On finding out what to do with a digital diary

So I have been writing a digital diary for many years now, each day is a new text file.

Is there a way to extract information from that, how could I use my dataset, share your ideas.

I guess that would depend on what kind of information you would want to extract, and how you put that kind of information into your diary. There is a lot of examples on this forum for extracting information using dataview, but you need specific fields for that in your entries.

This is what I am asking.

What I would like:

  • What do I need right now? Topics that are surrounded by a lot of emotional words.
  • What could I write about in a blog post? Topics that are dealt with the most.
  • Which topics have I never adressed that are worth exploring?

And by topics I am not talking about word with a hashtag or the title of the file that is the biggest, but a broader view, commonality.

Ie I write

I enjoy fishing


I need to go to the lake soon

=> Topic/Commonality/Meta: Activities around water

What kind of information do you come up with that I could extract from a diary - and how?

What kind of information do you come up with that I could extract from a diary - and how?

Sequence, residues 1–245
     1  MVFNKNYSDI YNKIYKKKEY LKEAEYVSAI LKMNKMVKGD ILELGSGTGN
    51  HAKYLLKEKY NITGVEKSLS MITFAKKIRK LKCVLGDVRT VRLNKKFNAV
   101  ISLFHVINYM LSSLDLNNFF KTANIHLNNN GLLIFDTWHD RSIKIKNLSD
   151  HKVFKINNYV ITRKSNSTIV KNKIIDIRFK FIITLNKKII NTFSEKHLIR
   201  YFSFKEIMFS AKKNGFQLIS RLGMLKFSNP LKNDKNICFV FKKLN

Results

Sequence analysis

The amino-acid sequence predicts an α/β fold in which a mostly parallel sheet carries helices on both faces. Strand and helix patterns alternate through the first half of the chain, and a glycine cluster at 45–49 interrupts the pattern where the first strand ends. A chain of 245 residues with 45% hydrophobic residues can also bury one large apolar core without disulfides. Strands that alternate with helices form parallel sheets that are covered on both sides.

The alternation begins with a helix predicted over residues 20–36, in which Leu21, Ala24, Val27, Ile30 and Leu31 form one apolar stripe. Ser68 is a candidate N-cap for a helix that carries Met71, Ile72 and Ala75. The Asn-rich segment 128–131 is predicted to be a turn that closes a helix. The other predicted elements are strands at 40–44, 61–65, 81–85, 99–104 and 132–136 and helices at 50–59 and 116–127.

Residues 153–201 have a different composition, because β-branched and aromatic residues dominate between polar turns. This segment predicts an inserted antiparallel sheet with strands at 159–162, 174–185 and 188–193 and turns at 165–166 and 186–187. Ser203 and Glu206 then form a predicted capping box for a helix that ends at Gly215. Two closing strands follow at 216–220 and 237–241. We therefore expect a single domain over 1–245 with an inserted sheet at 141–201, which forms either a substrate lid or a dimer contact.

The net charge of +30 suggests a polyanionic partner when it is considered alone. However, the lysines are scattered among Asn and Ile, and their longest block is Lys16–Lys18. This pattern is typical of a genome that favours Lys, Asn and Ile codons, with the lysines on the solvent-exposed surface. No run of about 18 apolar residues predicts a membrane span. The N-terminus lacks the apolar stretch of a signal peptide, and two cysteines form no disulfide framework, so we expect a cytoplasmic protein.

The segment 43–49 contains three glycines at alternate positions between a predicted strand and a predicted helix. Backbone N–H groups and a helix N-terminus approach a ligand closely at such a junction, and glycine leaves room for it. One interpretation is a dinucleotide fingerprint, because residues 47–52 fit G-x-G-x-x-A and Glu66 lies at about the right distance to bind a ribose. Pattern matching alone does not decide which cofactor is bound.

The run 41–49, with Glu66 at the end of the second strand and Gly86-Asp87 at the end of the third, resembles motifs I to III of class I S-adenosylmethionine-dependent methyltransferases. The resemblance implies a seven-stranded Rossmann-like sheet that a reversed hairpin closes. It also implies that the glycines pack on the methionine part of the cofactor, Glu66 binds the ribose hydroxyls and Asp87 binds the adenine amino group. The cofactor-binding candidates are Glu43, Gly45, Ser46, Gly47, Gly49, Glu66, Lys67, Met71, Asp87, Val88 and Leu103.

What you are talking about is NLP, natural language processing. Obsidian is not the place to try to do this. Feel free if you want to try to do searches on key words and see what notes have similarities, but I don’t think there are any NLP tools for Obsidian yet.

I’m in no way an NLP expert, but there are a ton of applications to process text and cull information. Its a huge deep learning topic. Here is a link to get you started.


If you look for a commonality between notes you may want to try extracting so called nearest neighbors for a given note basing on its contents.

I’ve been playing with exactly that lately. Here is the script I use in my research: GitHub - rpast/obsidian_vault_neighbors: Semantic connections recommendation script for Obsidian.md notes.

It is fairly straightforward NLP technique based on token frequency but gives surprisingly accurate semantic result.

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